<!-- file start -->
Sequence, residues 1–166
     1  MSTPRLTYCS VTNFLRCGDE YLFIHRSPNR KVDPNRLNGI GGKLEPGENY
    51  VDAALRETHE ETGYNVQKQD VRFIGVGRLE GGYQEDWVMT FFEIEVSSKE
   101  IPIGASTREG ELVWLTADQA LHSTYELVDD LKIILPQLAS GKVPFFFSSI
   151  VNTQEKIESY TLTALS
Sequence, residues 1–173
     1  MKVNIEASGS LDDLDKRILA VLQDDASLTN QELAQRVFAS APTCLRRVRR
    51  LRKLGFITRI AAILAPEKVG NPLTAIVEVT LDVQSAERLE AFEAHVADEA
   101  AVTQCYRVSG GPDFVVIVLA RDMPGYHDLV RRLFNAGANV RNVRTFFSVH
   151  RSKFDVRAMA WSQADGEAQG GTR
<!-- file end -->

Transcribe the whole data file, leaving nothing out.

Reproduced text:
Sequence, residues 1–166
     1  MSTPRLTYCS VTNFLRCGDE YLFIHRSPNR KVDPNRLNGI GGKLEPGENY
    51  VDAALRETHE ETGYNVQKQD VRFIGVGRLE GGYQEDWVMT FFEIEVSSKE
   101  IPIGASTREG ELVWLTADQA LHSTYELVDD LKIILPQLAS GKVPFFFSSI
   151  VNTQEKIESY TLTALS
Sequence, residues 1–173
     1  MKVNIEASGS LDDLDKRILA VLQDDASLTN QELAQRVFAS APTCLRRVRR
    51  LRKLGFITRI AAILAPEKVG NPLTAIVEVT LDVQSAERLE AFEAHVADEA
   101  AVTQCYRVSG GPDFVVIVLA RDMPGYHDLV RRLFNAGANV RNVRTFFSVH
   151  RSKFDVRAMA WSQADGEAQG GTR